Phillips: We see the overall commercial tire demand increasing slightly in 2013. There were a lot of inventory corrections industry-wide in 2012 so we should see more of a balance of supply and demand than there has been in the past couple of years. Then in 2014-’15 we think there is a good chance tire demand could pick up again…significantly.
As for the economy, there are a few things to worry about. First and foremost is the fiscal cliff. Depending on what happens, we could be fine or we could enter a deeper recession. Our projections are based on avoiding the cliff. At best there is still a lot of uncertainty. There are also issues with Europe and China, which could affect the US economy.
Hurricane Sandy has had an effect on the transportation industry. We’ve seen estimates that it initially cost the trucking industry $140 million a day in down time, and that 20 percent of the industry was not hauling freight due to the aftermath of the storm. But long-term, the impact could be good for the trucking industry because they’re projecting around $100 billion to rebuild and trucking/transportation could be as much as 10 to 12 percent of that total. That would be a big shot in the arm for the trucking industry.
The commercial tire industry is also obviously dependent on the trucking industry. Besides dealing with the high cost of equipment and fuel there are a lot of regulatory issues to deal with like CSA (Compliance, Safety and Accountability) and HOS (Hours of Service). These will challenge a lot of fleets. But probably the most worrisome issue when we talk to our fleet customers is the current driver shortage. It’s a major problem and it figures to get worse. And if the economy picks up and more jobs are available, we could even see truck driving jobs gravitate toward construction and other work. This is making it tough to keep freight moving with trained drivers.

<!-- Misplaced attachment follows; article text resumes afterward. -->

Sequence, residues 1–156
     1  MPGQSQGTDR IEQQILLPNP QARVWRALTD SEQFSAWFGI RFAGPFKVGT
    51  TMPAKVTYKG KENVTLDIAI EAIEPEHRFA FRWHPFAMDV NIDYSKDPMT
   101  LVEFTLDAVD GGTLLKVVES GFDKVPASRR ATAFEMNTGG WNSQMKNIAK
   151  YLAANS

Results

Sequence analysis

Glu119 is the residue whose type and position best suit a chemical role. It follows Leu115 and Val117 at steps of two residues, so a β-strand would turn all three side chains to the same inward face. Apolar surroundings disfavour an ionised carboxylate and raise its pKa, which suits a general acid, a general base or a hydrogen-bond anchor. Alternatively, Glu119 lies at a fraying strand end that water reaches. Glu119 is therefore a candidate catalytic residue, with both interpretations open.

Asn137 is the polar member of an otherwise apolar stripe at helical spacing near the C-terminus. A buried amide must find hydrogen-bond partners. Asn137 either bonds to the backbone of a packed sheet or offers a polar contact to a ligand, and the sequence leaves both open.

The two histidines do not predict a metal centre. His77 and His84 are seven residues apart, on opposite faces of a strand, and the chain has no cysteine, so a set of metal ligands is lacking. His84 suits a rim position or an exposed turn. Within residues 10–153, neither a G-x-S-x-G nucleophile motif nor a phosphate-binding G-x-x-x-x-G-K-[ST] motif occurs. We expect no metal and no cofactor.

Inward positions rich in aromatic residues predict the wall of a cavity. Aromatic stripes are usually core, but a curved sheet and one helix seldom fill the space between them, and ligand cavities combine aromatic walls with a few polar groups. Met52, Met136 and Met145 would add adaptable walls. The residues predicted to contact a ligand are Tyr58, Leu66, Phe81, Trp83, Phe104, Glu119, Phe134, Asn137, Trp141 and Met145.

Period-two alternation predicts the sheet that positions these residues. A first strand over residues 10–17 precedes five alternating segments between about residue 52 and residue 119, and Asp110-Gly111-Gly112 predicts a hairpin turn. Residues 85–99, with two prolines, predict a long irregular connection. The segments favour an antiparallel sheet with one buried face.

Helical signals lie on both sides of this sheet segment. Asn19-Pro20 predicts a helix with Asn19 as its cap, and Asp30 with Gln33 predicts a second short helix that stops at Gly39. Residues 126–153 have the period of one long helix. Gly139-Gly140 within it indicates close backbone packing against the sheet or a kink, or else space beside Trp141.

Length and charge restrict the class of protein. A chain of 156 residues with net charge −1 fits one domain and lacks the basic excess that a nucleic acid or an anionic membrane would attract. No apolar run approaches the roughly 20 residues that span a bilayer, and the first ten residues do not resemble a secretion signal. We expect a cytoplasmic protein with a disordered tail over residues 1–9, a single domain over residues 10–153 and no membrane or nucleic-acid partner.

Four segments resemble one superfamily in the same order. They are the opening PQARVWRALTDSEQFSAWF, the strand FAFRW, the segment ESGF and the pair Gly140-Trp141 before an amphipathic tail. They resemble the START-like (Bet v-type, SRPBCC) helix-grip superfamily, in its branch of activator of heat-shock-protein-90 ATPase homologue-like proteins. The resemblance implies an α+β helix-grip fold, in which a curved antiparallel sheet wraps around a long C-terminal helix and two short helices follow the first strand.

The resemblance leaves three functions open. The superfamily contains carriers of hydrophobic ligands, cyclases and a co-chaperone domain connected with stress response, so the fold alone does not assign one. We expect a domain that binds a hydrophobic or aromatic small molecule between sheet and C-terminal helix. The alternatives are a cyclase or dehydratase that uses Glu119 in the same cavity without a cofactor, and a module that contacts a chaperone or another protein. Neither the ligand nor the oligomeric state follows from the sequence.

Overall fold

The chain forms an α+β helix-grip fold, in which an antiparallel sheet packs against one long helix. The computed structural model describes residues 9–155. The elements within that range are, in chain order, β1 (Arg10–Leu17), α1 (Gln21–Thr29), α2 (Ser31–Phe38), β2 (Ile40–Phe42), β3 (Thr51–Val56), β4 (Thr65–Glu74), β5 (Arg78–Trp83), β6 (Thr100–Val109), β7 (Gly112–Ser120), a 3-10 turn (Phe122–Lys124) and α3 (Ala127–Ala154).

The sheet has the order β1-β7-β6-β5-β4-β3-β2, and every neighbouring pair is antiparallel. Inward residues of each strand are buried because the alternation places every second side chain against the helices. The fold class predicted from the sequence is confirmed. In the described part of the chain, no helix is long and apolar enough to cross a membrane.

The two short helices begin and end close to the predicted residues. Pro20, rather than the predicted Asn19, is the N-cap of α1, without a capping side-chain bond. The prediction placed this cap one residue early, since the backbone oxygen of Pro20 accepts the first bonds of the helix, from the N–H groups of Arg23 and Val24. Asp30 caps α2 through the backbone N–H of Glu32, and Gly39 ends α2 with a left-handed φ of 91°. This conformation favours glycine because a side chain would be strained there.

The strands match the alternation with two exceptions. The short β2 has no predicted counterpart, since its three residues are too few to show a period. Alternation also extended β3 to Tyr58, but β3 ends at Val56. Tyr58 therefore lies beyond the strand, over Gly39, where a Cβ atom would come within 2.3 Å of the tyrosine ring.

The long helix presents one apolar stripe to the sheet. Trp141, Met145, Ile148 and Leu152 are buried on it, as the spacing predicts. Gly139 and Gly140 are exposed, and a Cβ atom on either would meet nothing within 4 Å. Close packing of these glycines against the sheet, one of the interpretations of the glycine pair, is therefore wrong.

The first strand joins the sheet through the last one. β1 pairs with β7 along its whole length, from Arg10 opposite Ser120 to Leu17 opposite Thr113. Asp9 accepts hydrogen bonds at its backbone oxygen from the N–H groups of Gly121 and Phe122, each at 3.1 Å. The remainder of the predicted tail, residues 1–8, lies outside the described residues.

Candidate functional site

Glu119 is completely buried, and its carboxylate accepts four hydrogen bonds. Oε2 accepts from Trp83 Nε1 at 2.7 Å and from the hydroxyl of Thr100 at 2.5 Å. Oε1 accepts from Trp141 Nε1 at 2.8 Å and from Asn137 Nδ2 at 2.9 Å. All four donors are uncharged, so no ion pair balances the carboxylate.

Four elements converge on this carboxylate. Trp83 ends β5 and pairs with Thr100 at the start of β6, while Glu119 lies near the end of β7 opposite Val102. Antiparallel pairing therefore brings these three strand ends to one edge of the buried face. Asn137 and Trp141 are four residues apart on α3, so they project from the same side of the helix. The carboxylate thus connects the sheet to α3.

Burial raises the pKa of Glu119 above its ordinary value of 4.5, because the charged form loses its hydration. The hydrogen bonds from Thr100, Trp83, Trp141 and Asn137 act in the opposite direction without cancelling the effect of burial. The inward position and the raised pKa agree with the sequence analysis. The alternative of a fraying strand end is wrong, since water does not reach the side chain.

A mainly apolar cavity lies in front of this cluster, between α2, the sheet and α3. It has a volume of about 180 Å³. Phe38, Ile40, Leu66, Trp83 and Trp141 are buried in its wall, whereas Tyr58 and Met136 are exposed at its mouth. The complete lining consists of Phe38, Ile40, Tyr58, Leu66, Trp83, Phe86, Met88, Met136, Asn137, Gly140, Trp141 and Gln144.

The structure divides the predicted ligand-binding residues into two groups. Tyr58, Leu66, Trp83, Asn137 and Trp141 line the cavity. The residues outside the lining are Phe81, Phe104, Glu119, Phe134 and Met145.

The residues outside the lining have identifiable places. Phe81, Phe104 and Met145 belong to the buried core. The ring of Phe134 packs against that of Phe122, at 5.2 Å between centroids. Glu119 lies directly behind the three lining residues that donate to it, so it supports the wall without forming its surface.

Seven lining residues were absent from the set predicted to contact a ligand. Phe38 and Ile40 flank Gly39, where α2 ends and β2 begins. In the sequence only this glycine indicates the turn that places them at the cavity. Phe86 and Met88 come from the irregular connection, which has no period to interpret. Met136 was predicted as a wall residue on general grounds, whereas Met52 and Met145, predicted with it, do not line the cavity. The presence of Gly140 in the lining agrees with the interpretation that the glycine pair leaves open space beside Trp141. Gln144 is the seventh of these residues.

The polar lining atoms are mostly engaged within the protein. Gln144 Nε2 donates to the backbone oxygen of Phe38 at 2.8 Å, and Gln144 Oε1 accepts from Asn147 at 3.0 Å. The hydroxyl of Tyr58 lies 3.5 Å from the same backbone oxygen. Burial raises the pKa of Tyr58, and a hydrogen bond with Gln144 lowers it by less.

Question: Is there any solution in the trucking industry to address the shortage?
Phillips: Trucking is a tough industry. Drivers are away from home sometimes for weeks at a time. It’s definitely an industry where it’s difficult to find good people. Plus, there’s a lot of training involved to get a license. Many fleets require additional training and truck driving school is expensive.
It’s an interesting dilemma: we’ve got very high unemployment and yet there’s a huge truck driver shortage.
Question: It sounds like the economy is recovering and more goods are being moved. Will that create more demand for commercial tires?
Phillips: Freight and GDP are pretty tightly tied together. When people buy things, those things get moved by truck at some point. Right now, GDP growth is not great but it’s enough to challenge the capacity. There’s a good bit of money on the sidelines but still a lot of uncertainty so spending is very cautious. However, we are seeing some positive signs that things could be turning around. The housing industry is one of those. Hopefully, we will continue to see more good signs than bad.